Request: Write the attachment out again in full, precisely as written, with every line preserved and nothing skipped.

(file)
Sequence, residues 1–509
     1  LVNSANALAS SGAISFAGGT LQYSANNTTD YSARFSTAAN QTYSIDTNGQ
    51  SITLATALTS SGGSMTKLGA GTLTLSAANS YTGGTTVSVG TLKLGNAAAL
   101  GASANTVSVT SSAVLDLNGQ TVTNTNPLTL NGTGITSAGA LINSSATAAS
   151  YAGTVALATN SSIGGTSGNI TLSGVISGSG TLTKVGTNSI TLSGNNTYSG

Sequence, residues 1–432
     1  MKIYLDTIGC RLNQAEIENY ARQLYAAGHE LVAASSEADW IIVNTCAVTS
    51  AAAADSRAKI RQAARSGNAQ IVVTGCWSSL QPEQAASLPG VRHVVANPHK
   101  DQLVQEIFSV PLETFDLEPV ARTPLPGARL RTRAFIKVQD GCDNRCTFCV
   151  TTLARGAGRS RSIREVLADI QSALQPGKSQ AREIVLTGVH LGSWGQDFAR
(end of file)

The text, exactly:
Sequence, residues 1–509
     1  LVNSANALAS SGAISFAGGT LQYSANNTTD YSARFSTAAN QTYSIDTNGQ
    51  SITLATALTS SGGSMTKLGA GTLTLSAANS YTGGTTVSVG TLKLGNAAAL
   101  GASANTVSVT SSAVLDLNGQ TVTNTNPLTL NGTGITSAGA LINSSATAAS
   151  YAGTVALATN SSIGGTSGNI TLSGVISGSG TLTKVGTNSI TLSGNNTYSG

Sequence, residues 1–432
     1  MKIYLDTIGC RLNQAEIENY ARQLYAAGHE LVAASSEADW IIVNTCAVTS
    51  AAAADSRAKI RQAARSGNAQ IVVTGCWSSL QPEQAASLPG VRHVVANPHK
   101  DQLVQEIFSV PLETFDLEPV ARTPLPGARL RTRAFIKVQD GCDNRCTFCV
   151  TTLARGAGRS RSIREVLADI QSALQPGKSQ AREIVLTGVH LGSWGQDFAR